Top 5 Food Questions Asked of Dietitians

Download PDF

Dietitians

5 Common Food Questions Asked of Dietitians

Minnesota’s CommonGround recently participated in a breakout session at the 2015 Minnesota Academy of Nutrition and Dietetics conference. We presented information about how food is grown and answered many common food questions. At the conference, I asked a number of dietitians what their most common food question was. Here are the top five questions:

5. How can I eat healthy on a budget?

  1. Purchase fresh produce in season and freeze it.
  2. Plan and prep meals around sales.  
  3. Use less expensive cuts of meat.  
  4. Keep an organized fridge and pantry. 
  5. Repurpose leftovers.

Other resources on how to eat healthy on a budget are Choose My Plate and 10 Smart Tips for Eating Healthy on a Budget. Personally, I like to buy Hormel’s 9-11 pound whole pork loin when they are on sale for under $2 a pound. I cut it up and repackage it into pork loin roasts, pork chops and pork strips for stir fry

4. What are GMOs?

GMOs (genetically modified organisms) are organisms in which the genetic material (DNA) has been altered in a way that does not normally occur naturally. It allows selected individual genes to be transferred from one organism into another, including between nonrelated species. Such methods are used to create GMO plants – which result in GMO food crops. Want to know more about GMOs? Click here

3. Are GMOs safe to eat?

Every plant improved through the use of food biotechnology is examined by the FDA, USDA and EPA for potential health risks. Tests are done on plants before entering the food and animal feed supply. The World Health Organization (WHO) reports that current foods containing biotech ingredients have passed human health risk assessments and no effects on human health have been shown as a result of the consumption of biotech foods. Curious about researching GMO studies? Check out Biofortified (Genera database) website.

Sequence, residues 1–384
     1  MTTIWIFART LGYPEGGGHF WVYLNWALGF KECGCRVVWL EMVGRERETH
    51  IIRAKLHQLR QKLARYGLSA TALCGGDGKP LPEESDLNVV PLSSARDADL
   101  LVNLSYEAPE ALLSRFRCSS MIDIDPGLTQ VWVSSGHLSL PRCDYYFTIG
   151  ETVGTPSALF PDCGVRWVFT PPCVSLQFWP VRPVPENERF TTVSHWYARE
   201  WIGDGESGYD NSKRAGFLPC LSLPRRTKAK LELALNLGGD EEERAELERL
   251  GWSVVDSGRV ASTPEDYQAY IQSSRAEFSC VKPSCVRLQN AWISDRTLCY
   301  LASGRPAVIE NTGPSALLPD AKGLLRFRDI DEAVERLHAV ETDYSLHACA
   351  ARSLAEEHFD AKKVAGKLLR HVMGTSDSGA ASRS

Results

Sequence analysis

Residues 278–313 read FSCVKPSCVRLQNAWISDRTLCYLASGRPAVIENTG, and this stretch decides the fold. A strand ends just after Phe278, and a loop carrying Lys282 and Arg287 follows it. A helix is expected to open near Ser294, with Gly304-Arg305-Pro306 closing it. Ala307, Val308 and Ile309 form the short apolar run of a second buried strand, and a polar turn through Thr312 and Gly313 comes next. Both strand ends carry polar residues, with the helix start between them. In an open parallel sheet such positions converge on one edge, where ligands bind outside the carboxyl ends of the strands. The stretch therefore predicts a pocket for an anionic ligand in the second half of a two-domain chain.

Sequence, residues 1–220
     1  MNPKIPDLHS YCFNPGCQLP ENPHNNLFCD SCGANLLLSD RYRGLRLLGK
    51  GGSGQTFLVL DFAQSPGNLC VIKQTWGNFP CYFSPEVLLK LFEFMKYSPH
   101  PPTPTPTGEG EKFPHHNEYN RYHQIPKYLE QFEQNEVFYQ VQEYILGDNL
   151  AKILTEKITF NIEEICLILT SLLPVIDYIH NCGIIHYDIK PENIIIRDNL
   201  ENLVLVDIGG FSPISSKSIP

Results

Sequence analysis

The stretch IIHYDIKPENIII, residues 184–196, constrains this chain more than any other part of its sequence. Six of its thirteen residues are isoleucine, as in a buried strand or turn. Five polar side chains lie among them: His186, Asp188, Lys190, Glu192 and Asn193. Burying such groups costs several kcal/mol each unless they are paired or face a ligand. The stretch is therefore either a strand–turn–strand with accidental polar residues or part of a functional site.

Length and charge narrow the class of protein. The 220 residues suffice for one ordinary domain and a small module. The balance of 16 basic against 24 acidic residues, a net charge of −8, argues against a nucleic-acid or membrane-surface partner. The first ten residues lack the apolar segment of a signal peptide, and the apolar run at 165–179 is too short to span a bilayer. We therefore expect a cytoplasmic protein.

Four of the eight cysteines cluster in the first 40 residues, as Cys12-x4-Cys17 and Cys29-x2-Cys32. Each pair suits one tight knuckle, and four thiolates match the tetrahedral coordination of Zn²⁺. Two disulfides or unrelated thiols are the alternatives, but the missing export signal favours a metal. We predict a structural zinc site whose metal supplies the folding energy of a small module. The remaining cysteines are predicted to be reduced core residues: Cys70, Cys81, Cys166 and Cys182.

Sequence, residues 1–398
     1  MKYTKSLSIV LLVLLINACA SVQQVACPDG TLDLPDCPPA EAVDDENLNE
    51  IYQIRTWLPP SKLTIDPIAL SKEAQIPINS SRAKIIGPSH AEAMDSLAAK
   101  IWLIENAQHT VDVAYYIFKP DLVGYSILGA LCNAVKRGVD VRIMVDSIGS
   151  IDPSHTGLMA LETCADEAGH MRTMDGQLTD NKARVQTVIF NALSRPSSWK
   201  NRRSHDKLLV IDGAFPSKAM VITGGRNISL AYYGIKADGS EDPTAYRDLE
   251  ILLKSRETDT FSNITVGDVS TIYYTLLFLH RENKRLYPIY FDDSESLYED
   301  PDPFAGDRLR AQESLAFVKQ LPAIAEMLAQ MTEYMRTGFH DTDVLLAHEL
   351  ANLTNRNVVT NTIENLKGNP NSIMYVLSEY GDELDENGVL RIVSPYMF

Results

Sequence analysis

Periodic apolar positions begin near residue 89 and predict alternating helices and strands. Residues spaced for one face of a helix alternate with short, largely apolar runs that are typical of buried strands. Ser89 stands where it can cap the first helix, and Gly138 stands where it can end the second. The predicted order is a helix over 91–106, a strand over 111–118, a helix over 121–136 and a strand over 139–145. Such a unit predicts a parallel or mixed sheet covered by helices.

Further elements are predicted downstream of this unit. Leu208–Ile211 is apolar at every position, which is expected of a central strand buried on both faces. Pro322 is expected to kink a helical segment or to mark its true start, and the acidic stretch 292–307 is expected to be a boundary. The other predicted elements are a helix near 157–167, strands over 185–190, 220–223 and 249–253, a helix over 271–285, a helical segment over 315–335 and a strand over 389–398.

2. Are there hormones in our food?

All living organisms have naturally occurring hormones. Some foods, such as milk and beef, can contain a small amount of additional hormones. According to the World Health Organization (WHO) and FDA, you should not worry about hormones in your food. With milk, pasteurization destroys 90 percent of hormones. The rest of the hormones are broken down during digestion. Both pork and poultry do not contain additional hormones. More resource on hormones in food here.

And the most common question dietitians are asked?

1. Is organic food healthier than non-organic?

Organic does not necessarily mean a healthier product. In fact, a comprehensive review of some 400 scientific papers concluded organic and conventional food remain equally healthy. All foods – whether organic or nonorganic – must meet certain health and safety regulations before being sold to consumers. 

For more answers to common food questions, visit CommonGround and Best Food Facts.

print


Leave a Reply

This site uses Akismet to reduce spam. Learn how your comment data is processed.